If you’re currently a student in Canada soon to graduate and eligible to apply for a post-graduate work permit — it is crucial you know ahead of time what type of jobs pave the way for permanent residency. You’d be surprised how many graduates are hopeful to apply for popular programs such as the Canadian experience class only to realize the entire time they were working in an “unqualified” occupation. Without realizing the repercussions, working the wrong job on an open-work permit can be the number #1 reason why you’re unable to qualify for permanent residency.
Before diving further, we should make it clear that this article will focus on the popular Express Entry platform and the Canadian Experience Class. It may be possible to meet an alternative permanent resident program where, for instance, your employer can support your application. However, only certain types of occupations qualify. These requirements are specific to your province. At the end of the day, the Express Entry Canadian Experience Class is usually the path of least resistance for permanent residency which is why choosing the right NOC code after graduation is crucial.
What exactly is the Canadian Experience Class (CEC)?
As part of the Federal Express Entry platform, the Canadian Experience Class is a category specifically for those who have obtained at least
- 12 months of full-time (or equal amount in part-time) skilled Canadian work experience in the last 3 years prior to applying. This work experience doesn’t need to be continuous and can be cumulative work from different jobs.
Stop!— take a look at the word “skilled” above because this one word will make or break your eligibility under the Express Entry and CEC program. To determine whether your job is skilled you must first understand how Immigration Canada assesses your occupation.
According to Canada’s national occupation classification (NOC) system, all occupations are assigned at a major group level andhave a certain numerical value. A third digit is added at the minor group level and a fourth digit is added at the unit group level. Every occupation has a 4-digit code. The first two digits convey the group’s skill type and skill level category. To place it alphabetically, “skilled” NOC codes are considered to be skill level of 0, A or B; while level C or D are considered unskilled.
How do I determine if I’m working in a skilled position?
This is determined on assessing your NOC code — but the first step is comparing your major job duties to a NOC code. Regardless of your job title, your job duties are top priority in determining whether your job is considered skilled or unskilled in the NOC. The best course of action is to compare your job duties and find the NOC code that matches most (if not all) of them. By clicking on a NOC code (or finding your job title) you will find the lead statement and main duties.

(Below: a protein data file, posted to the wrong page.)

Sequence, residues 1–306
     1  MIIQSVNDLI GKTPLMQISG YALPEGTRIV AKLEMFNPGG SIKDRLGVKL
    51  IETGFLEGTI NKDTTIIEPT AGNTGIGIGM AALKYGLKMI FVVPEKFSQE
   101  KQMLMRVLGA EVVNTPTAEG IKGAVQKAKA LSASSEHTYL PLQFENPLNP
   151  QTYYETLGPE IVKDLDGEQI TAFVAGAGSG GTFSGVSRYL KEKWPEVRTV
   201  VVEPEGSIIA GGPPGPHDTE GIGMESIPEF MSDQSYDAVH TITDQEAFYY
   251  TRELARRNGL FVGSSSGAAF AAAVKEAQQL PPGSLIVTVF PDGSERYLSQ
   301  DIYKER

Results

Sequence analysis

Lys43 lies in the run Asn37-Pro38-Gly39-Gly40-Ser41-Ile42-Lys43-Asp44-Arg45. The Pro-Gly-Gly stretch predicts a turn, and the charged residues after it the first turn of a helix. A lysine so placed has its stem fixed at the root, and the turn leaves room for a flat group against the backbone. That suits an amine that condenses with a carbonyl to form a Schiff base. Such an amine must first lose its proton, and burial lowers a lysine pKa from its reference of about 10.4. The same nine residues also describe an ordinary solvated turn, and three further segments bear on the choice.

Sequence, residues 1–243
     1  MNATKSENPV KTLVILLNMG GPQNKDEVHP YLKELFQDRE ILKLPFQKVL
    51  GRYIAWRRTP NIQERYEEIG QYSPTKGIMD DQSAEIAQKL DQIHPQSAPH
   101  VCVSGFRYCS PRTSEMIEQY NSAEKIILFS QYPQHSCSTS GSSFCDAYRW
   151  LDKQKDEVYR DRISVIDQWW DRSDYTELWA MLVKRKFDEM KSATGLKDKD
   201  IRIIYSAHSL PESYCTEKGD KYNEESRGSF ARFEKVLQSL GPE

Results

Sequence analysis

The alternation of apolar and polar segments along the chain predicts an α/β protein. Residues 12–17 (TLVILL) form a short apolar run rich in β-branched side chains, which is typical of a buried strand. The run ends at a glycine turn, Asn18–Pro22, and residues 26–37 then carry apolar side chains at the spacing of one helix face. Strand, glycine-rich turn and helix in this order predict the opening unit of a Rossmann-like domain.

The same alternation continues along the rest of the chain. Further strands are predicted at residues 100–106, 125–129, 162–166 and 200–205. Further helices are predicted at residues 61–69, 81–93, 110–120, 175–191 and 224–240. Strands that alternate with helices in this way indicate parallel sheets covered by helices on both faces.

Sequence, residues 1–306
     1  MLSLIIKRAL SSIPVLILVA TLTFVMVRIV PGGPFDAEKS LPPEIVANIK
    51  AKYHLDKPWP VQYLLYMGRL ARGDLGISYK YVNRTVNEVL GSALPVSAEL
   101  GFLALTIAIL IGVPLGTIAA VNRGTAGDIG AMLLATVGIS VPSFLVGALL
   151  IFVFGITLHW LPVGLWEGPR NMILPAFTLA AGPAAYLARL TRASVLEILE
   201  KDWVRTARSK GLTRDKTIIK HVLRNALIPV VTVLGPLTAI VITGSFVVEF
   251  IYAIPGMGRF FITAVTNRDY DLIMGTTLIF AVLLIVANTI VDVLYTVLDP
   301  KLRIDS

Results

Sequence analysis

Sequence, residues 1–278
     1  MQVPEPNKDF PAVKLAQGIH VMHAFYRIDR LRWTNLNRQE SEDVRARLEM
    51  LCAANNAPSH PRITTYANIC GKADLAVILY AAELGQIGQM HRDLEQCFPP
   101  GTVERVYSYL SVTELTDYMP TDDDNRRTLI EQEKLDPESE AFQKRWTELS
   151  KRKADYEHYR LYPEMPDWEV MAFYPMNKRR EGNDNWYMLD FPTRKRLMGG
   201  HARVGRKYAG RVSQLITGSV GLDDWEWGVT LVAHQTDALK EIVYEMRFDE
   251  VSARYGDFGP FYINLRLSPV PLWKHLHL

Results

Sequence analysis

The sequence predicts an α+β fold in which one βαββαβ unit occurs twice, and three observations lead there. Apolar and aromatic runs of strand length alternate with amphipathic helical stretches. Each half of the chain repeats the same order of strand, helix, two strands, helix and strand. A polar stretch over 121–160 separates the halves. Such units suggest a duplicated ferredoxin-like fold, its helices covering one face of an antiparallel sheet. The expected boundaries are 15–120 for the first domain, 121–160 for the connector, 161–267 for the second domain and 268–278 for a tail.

Typically, jobs such as cafe barista’s, cashiers, front desk clerks, servers, bartenders, retail salespersons, receptionists or clerks are unskilled unless you have a higher position of authority. I cannot stress enough — your job duties are essential in determining whether or not your job will be considered skilled towards meeting the job requirements.
To really bring home the message of how important working in a skilled occupation can be to pave the way for permanent residency (specifically CEC or Express Entry), we have the following example below:
Julie recently graduated from the University of British Columbia and was entitled to apply for a post-graduate open work permit (PGWP). Julie is 24 years old with a business degree. She was approved a three-year PGWP in August. Even though she worked part-time during her program, she never stuck with any of these jobs and was in no hurry to get hired. Julie took a few months off after her program ended to travel around Canada. After realizing funds were running low, Julie applied for jobs. She was hoping to land a business or marketing position (usually skilled) — but was relieved when she was immediately hired as a server at a popular restaurant two blocks away. The restaurant offered a starting wage and the tips were a lucrative bonus! After a while, Julie realized she worked with a fun-loving crew and continued to keep her job. Almost 24 months have passed. Julie is now interested in applying for permanent residency. She also knows she cannot extend her work permit.
The above example is a common theme that doesn’t always end well. A lot of immigrants that study here have the privilege to apply for an open work permit known as a post-graduate work permit after they graduate but aren’t aware of the types of job positions they should apply for. In Julie’s case, she worked in an unskilled position for almost two years. Julie’s employer is not at all interested in supporting her application (BCPNP). Julie has no other avenues and is adamant to stay (working) in Canada. Therefore, Julie is scrambling to find another employer willing to hire her and is in search of a skilled full-time job. Julie has 14 months before her work permit expires.
Does my education have to be related to my job?
Nope! Specifically for the CEC category, your education does not have to be related to your job. However, your job must be considered skilled and many skilled jobs do require a post-secondary degree; but the degree does not have to relate to the work.
What other requirements are necessary to meet CEC?
Other minimum requirements to be eligible for the Canadian Experience Class include the following:
- Having a minimum English or French language score.
Language results have their own requirements when it comes to taking the correct exam relevant for Express Entry. There is no minimum education credential requirement for this category but we normally find it is essential to have a post-secondary education in order to obtain more points. Also, having a Canadian credential may earn you bonus points!